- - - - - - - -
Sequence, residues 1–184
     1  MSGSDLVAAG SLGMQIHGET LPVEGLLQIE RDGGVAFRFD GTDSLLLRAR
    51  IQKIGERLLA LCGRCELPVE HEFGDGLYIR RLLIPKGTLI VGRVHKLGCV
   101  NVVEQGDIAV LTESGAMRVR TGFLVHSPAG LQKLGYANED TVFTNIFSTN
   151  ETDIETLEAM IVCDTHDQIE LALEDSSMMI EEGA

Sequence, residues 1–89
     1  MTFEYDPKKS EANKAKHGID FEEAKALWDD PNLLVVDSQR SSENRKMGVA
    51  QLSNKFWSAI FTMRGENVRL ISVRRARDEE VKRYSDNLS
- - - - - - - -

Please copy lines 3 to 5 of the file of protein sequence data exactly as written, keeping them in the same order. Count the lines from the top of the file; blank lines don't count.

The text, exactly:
    51  IQKIGERLLA LCGRCELPVE HEFGDGLYIR RLLIPKGTLI VGRVHKLGCV
   101  NVVEQGDIAV LTESGAMRVR TGFLVHSPAG LQKLGYANED TVFTNIFSTN
   151  ETDIETLEAM IVCDTHDQIE LALEDSSMMI EEGA